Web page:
Making coal phase-out easier
New wind farms in Chatham-Kent-Essex are helping Ontario phase out coal production while adding renewable hydro to the grid, says MPP Pat Hoy.
“Ontario has sufficient electricity generation and transmission resources available to maintain reliability over the next year and a half, according to the Independent Electricity System Operator (IESO) in its latest 18-Month Outlook,” said Hoy.
“With 3,400 megawatts (MW) of new generation expected to come online, and a transmission system adequate to meet expected demands, Ontario will have sufficient generation and transmission resources available to support the reliable operation of the electricity system over the next 18 months,” said Hoy, pointing out “this new supply includes over 1,200 MW of new wind generation which will more than double the existing installed wind capacity.”
Over 600 MW of gas-fired generation will also be completed in the next 18 months. The remaining 1,500 MW will come from two refurbished nuclear units at the Bruce A Nuclear Station that are expected to return to service in the third and fourth quarters of 2011.
The Chatham-Kent-Essex MPP said as a result of Ontario’s healthy supply situation, the move to eliminate coal-fired generation by 2014 will continue as planned with the de-commissioning of four units later this year.
“We’re in the best supply situation in a decade as a result of the new generation and transmission facilities added over the past five years and we’re making good progress towards removing coal from the fuel mix,” said Bruce Campbell, Vice President of Resource Integration at Ontario’s IESO. “We’re now focused on adapting system operations to meet tomorrow’s challenges.”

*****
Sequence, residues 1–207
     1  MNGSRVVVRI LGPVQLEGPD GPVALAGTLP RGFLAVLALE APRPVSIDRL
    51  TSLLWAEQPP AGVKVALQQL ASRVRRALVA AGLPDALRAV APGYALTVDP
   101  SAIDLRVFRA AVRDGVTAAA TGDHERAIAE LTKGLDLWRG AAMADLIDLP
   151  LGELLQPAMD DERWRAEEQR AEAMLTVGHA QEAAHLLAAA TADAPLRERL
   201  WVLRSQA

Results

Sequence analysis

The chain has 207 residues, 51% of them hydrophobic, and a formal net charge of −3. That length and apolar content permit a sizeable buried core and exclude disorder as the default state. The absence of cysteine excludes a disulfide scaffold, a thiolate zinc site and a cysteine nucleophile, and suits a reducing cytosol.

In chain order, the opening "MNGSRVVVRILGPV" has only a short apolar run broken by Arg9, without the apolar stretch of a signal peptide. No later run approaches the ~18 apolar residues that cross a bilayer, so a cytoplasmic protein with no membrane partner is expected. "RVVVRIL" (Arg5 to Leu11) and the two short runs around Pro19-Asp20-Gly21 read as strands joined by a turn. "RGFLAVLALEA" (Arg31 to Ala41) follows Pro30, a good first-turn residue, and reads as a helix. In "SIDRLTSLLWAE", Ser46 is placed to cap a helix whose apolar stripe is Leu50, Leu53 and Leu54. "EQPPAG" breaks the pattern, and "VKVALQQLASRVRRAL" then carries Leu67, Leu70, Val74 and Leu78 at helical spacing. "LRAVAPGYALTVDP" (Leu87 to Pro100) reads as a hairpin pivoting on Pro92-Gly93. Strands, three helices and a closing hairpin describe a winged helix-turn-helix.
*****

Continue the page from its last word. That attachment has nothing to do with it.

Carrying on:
Electricity consumption in Ontario is expected to show modest growth in 2010 and 2011 with increases of 1.5 per cent and 0.3 per cent respectively as the economy picks up. In particular industrial demand has increased every month since the start of the year. Peak demand is expected to remain fairly flat as growth is offset by targeted conservation and demand response programs.
The IESO regularly assesses the adequacy and reliability of Ontario’s power system. The 18-Month Outlook is issued on a quarterly basis and is available at www.ieso.ca/18-month.outlook.
The IESO is responsible for managing Ontario’s bulk electricity power system and operating the wholesale market. For more information, please visit www.ieso.ca.